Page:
Last Sunday evening, Sept. 14, West Chester University student Taylor Enterline was wrongfully arrested during a Black Lives Matter protest. On Thursday, Sept 17, Enterline’s bail was reduced from $1,000,000 to $50,000 and she was released from Lancaster County police. Monday, Sept. 21, Enterline faces a preliminary hearing that will determine whether or not she will go to trial.
Protestors were responding to the recent killing of 27-year-old Ricardo Miguel Muñoz by Lancaster police. Friends of Enterline have expressed that she “has always been an advocate for change and equality.” During the protest, Enterline was working as a medic where she assisted those who were hurt or tear gassed by police.
Various student led organizations at her school reposted her encounter with the police including helpful ways to support. Enterline’s close friends and schoolmates Ta’jah Norman and Tyler Hamler shared a GoFundMe page that would assist with Enterline’s legal charges. The goal set on the GoFundMe account was for $35,000.
Despite Enterline’s peaceful engagement during protests, those close to her believe that it was not a coincidence that she was arrested. Norman believes that Enterline was targeted due to her consistency in going to protests.
“I’ve known her for three years now, and she’s always been a peaceful protester. She went to the protest in Philadelphia this summer, and when police were teargassing, she was a medic. She always had extra water bottles to help clear protestors’ eyes after being teargassed,” said Norman.
Norman also mentioned that after being arrested, Enterline had not been able to speak to her mother until Tuesday night and was denied her family attorney by Lancaster police.
Enterline was especially passionate about learning about how to end systems of oppression within an academic setting. In August, Taylor started her junior year of college majoring in criminal justice with minors in youth empowerment studies and women and gender studies.
News quickly spread about Enterline’s arrest due to her positive impact within the West Chester community.
Some West Chester professors have been active in their support for Enterline through contributing to her legal fees and circulating information about her GoFundMe. Professor Vilceus, known to Enterline and most students as “Professor Sunshine,” is concerned about her former student.
Professor Sunshine taught Enterline in her Writing-120 and -204 courses. Hearing about Enterline’s wrongful arrest was difficult for her because they would often have conversations about social injustice.
“…The fact that we talked about prison reform and we streamed “When They See Us” as a class… she’s just one of the students that are exemplar and memorable in those conversations specifically,” said Professor Sunshine.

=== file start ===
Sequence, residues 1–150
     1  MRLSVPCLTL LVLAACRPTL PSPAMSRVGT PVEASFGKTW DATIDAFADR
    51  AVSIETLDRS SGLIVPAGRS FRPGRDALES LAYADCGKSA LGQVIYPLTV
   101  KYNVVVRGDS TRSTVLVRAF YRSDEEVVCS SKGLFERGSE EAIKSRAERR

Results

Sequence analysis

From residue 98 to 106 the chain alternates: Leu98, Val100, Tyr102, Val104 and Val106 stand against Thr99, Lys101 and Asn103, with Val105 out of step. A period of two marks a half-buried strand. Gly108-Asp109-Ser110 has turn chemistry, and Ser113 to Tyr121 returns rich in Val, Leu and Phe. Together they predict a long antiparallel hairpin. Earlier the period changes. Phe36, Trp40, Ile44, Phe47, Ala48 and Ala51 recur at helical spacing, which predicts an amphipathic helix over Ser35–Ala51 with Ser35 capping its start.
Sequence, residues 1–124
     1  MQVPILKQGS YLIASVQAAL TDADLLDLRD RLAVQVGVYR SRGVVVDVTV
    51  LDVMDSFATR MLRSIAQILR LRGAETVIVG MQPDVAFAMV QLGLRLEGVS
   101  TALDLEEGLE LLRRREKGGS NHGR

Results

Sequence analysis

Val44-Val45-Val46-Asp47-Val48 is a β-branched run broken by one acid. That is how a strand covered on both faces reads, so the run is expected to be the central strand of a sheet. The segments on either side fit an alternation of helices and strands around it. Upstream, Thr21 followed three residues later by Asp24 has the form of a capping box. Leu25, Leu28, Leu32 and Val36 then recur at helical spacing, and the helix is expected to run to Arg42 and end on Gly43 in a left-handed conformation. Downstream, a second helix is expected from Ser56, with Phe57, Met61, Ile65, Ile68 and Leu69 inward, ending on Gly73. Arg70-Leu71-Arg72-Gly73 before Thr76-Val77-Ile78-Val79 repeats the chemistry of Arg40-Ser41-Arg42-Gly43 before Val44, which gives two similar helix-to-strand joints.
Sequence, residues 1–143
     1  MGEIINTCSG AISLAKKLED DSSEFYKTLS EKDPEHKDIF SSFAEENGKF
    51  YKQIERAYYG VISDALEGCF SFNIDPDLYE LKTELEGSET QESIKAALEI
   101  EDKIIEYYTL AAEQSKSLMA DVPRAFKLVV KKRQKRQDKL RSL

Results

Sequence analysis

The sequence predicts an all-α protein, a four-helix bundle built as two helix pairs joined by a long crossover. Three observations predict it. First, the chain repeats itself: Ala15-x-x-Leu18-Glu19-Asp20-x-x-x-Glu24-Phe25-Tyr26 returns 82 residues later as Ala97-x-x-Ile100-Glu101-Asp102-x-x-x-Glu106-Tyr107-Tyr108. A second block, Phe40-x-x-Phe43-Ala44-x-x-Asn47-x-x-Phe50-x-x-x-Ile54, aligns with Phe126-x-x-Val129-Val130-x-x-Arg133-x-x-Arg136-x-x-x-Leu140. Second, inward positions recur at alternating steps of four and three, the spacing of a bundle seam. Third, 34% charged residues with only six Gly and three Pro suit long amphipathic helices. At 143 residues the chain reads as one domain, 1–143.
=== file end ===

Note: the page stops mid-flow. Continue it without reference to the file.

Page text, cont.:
Professor Sunshine went on to say that Enterline was one of her brightest students and can not imagine how frightening this situation must be for her. One thing that she wants people to take away from Enterline’s situation is that injustices against people of color are not distant issues and can happen anywhere.
“It’s one thing to read an article about someone else. It’s another to read an article about a student… Now that more professors are incorporating anti-racist pedagogy into their curriculum and are talking about things that we go through on a day-to-day basis, I think it’s important for us to put our money where our mouth is. In a situation like this, this is the time to mobilize. This is the time to put in action all of the things that we have been talking about,” said Professor Sunshine.
Since Enterline’s release, what will happen next has entered the thoughts of many people. Given the history between people of color and the country’s justice system, Enterline’s community hopes that the court rules fairly in their decision this Monday.
“The justice system is not just. It’s not about our knowledge about these people, these amazing human beings. I think for me it’s unsettling… because it’s not up to us. To a certain degree it is, in writing articles like this, having conversations and spreading awareness, but the initial bail was so bizarre, as an understatement, and if something like that is possible… anything is and I think that’s the unsettling part,” said Professor Sunshine.
On campus, Taylor is a peer educator for the Center for Women and Gender Equity, working on initiatives including Situationships Facilitator, 2019 Women’s Leadership Conference Planning committee, 2019 It’s On Us Kick O& Pledge Drives support and facilitation, 2020 FDI/CWGE Black History Month Event — Janet Dewart Bell and much more!
The Center for Women and Gender Equity spoke highly of Enterline and contributions to her community: “…Taylor is incredibly thoughtful and reflective in everything that she does. She always centers others feelings and has always sought to try to understand others perspectives. Taylor is committed to advancing social change through nonviolent means and she has devoted much of her time and energy to learning and then moving to non-violent action. Taylor is courageous and truly seeks to make her communities more just and equitable.”
Enterline is also a member of Green Dreamz, Lancaster Stands Up and Lancaster Abolitionist. She has had a great impact in her community. Whether it be her friends, colleagues or professors, many can attest to her joyful personality and are hoping that all charges are dropped on her behalf.
Written by Chikayla Barriner. CB898616@wcupa.edu